Well a few years have passed and I’ve not been lucky with another off Devon or even trips to Cornwall. I felt myself going into some sort of Pterodroma withdrawal (well save the one we’ll visit in a minute). There was only one remedy, I just had to go to Madeira and indulge myself in the Wind Birds pelagic trips, following in the footsteps of seawatching friend, the late Dave Norman and so many others. I’d heard so much good talk about these trips, with the added possibility of seeing both Zino’s and Fea’s (Desertas) Petrels. Definitely on a seabirders must do list!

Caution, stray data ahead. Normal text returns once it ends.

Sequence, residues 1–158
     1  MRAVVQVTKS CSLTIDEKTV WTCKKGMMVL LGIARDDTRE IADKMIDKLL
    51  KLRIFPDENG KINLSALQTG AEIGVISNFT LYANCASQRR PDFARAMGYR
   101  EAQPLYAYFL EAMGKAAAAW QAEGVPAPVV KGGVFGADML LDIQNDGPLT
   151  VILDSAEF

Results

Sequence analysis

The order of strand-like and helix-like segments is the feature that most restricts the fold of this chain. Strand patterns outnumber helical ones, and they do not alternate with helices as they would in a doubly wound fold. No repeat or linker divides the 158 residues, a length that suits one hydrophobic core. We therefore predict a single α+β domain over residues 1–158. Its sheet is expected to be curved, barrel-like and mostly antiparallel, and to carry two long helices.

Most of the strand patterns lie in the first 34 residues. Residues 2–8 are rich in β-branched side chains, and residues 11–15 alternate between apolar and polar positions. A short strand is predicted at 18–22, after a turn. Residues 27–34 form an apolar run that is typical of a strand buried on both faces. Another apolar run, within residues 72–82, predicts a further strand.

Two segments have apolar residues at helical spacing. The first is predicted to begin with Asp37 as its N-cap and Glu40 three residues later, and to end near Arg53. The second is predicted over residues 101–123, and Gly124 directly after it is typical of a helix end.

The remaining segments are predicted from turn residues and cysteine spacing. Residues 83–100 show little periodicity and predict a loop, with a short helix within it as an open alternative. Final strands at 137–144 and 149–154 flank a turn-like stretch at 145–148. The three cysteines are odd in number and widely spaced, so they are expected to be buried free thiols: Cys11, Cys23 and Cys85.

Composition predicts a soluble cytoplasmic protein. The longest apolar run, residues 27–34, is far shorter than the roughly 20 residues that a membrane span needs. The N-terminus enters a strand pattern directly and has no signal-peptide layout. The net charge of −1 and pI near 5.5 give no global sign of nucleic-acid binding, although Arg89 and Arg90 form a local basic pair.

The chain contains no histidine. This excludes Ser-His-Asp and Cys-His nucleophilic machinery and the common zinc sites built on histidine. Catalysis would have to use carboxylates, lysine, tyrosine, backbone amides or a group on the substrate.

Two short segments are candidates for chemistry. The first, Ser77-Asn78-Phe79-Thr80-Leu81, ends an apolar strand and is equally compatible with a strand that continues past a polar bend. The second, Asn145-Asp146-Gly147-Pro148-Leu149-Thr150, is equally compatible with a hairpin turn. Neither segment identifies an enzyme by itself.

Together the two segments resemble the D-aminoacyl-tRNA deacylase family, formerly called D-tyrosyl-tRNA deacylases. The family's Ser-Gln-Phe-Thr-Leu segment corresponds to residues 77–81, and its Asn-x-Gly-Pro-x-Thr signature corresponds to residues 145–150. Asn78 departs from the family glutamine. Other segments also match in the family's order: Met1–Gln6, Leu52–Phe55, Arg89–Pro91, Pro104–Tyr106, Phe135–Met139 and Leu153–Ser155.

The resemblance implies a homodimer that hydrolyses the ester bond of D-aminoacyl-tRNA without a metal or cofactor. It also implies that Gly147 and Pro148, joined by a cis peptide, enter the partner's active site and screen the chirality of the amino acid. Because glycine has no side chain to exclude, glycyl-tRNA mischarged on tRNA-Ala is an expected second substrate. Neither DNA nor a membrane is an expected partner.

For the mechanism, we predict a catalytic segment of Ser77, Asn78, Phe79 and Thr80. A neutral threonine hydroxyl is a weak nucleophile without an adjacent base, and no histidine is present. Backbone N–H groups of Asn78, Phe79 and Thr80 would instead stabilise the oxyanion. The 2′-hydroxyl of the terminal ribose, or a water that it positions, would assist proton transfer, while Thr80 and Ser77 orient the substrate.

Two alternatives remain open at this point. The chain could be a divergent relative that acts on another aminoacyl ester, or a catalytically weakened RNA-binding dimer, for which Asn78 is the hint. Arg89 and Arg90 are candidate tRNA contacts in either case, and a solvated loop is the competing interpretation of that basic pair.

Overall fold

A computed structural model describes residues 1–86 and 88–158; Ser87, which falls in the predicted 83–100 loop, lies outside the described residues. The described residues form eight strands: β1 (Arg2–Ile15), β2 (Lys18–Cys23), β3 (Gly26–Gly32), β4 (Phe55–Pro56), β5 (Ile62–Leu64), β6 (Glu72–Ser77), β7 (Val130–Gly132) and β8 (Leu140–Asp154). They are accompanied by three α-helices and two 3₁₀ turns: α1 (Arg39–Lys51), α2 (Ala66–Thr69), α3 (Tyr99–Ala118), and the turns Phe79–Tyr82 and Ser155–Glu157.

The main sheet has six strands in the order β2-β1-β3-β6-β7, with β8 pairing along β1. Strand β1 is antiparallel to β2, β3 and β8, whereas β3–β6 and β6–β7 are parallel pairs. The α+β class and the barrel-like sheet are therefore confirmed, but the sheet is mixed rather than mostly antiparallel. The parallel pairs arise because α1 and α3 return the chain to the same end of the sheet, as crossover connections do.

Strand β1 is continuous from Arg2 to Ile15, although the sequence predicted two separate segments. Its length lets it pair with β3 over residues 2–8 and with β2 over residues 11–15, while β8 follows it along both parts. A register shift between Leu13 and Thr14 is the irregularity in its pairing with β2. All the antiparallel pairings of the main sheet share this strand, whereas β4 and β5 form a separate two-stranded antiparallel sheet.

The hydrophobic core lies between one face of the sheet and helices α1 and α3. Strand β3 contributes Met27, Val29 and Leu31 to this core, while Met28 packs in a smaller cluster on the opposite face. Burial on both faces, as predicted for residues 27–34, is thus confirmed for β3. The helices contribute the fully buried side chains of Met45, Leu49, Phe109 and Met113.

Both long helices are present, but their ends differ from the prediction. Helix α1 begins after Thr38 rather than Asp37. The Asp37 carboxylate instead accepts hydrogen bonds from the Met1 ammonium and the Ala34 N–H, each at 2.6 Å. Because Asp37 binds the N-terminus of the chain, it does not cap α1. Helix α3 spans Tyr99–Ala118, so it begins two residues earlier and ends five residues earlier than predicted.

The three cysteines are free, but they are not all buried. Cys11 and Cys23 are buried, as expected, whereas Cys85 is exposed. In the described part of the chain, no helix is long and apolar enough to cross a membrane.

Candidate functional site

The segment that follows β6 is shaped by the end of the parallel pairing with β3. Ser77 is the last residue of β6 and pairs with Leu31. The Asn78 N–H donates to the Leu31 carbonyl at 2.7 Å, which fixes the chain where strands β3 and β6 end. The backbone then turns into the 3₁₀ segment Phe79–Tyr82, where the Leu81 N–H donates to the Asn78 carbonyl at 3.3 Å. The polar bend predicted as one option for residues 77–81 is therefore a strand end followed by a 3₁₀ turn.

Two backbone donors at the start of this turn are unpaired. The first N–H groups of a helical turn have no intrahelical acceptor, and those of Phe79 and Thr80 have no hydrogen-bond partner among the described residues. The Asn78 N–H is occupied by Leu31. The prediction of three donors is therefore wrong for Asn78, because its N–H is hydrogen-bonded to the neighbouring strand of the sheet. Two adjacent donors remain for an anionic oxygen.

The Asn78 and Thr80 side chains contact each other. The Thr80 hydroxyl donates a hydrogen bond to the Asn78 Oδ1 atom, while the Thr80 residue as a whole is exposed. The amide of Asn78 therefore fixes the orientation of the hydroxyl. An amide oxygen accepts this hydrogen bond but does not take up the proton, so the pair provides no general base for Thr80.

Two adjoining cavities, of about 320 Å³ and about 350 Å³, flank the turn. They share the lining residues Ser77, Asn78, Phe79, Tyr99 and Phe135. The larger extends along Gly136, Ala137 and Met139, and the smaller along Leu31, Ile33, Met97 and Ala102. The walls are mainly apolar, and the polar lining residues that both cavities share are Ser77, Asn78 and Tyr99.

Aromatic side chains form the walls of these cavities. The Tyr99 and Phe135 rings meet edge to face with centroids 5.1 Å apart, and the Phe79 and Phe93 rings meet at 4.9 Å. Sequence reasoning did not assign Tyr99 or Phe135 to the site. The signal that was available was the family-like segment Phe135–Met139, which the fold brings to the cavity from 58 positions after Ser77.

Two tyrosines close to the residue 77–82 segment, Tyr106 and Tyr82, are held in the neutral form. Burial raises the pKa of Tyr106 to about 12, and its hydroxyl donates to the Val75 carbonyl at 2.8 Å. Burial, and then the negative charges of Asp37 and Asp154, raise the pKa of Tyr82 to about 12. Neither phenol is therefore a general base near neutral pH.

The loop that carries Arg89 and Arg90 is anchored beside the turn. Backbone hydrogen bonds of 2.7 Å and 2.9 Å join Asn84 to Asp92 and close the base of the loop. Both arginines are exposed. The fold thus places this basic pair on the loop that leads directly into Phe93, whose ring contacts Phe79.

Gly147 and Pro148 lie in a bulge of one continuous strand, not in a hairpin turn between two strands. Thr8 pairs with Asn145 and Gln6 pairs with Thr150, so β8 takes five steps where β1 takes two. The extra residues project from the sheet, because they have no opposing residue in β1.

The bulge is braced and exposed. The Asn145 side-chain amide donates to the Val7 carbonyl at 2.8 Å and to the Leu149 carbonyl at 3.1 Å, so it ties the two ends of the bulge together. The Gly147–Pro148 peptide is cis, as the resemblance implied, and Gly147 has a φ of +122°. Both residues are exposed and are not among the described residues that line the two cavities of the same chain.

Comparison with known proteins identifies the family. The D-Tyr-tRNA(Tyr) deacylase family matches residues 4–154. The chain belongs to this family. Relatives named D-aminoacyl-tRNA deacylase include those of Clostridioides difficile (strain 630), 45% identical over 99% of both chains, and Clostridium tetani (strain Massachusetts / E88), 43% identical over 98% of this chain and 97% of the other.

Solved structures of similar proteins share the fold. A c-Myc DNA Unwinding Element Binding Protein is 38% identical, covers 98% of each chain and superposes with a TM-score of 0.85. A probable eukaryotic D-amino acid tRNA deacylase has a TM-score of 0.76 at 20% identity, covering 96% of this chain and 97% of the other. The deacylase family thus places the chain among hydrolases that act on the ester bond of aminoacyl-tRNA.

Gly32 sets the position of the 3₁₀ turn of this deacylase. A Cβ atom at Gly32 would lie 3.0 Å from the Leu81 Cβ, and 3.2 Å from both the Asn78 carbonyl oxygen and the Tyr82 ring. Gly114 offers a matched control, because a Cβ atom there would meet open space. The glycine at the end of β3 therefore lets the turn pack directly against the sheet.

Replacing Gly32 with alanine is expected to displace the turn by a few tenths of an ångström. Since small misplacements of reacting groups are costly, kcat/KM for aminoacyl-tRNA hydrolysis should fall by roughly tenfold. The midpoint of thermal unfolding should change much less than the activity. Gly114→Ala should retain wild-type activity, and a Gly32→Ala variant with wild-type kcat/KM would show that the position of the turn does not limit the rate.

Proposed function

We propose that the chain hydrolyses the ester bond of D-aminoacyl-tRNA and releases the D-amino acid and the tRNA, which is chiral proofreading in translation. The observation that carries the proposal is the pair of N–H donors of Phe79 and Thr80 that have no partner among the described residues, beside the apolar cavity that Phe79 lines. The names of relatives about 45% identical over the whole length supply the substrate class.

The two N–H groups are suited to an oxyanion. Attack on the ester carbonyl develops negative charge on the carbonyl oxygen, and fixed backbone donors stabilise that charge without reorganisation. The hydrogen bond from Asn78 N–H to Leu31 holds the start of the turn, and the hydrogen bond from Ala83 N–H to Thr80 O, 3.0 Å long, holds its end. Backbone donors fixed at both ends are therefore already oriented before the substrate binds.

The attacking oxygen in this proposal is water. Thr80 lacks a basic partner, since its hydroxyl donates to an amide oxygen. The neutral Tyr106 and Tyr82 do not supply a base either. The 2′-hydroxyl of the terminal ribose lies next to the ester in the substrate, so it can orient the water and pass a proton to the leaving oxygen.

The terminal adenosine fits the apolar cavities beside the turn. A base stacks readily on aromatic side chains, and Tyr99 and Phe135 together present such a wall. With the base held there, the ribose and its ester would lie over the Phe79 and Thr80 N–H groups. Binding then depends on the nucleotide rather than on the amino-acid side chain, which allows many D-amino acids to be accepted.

So I completed the Wind Birds amazing three days of pelagics during 26/05/15–28/05/2015. I had great views of many tubenoses, including seeing three new species. But you know what, for me the best were those Pterodroma sightings (and White-faced Storm-petrel of course). Even out on a boat you get that absolute buzz when one turns up, usually just all too briefly as it investigates the chum slick before just disappearing again back out into the ocean. It was great to actually see Zino’s Petrel in the field and although I should have taken a lot more photos, I preferred to watch and savour when one turned up, rather than having my eye buried in the back of a DSLR all the time and missing the action. Although we saw Pterodroma petrels that could not be specifically assigned to either Zino’s or Fea’s (Desertas) Petrels, I found both the ‘good’ Zino’s we saw to be more delicate birds than the ‘good’ Fea’s, with a lighter feel about them and how they flew, being more Manx sized - even before critical stuff like bill size (and underwing) was analysed from photos. Now thinking back to my few UK and Ireland sightings, though they’ve all been accepted as Zino's / Fea’s, not one of them (based on my Madeira experiences) could I say best fitted Zino’s. Those seen well and in company of other seabirds for size comparison have all better fitted Fea’s. When you think the few positively identified birds so far off the UK (all photographed) have been Fea’s, Zino’s does seem to be the less likely (especially considering relative population sizes), although as with all seabirds anything is possible, as a Bermuda Petrel off Ireland and Soft-plumaged Petrel off Norway show. But heck in bird reports with this particular species amalgam the Zino's bit comes first (taxonomic order!), Zino's / Fea's. It’s a bit like seeing Cory’s Shearwaters off Devon, there’s a remote possibility we may overlook a Scopoli’s Shearwater (and we’d need a good photograph to get one accepted), but we’re still calling them Cory’s Shearwater (and in the bird reports) as the most likely and not Cory’s / Scopoli’s Shearwater. Of course many of the Cory’s I’ve seen off Devon were sufficiently good views of the underwing to be fairly confident they were Cory’s, but many weren't (but separable from Great of course). Anyway going back to main subject, a Pterodroma sighting is still a magic event whether you can go down to species or not.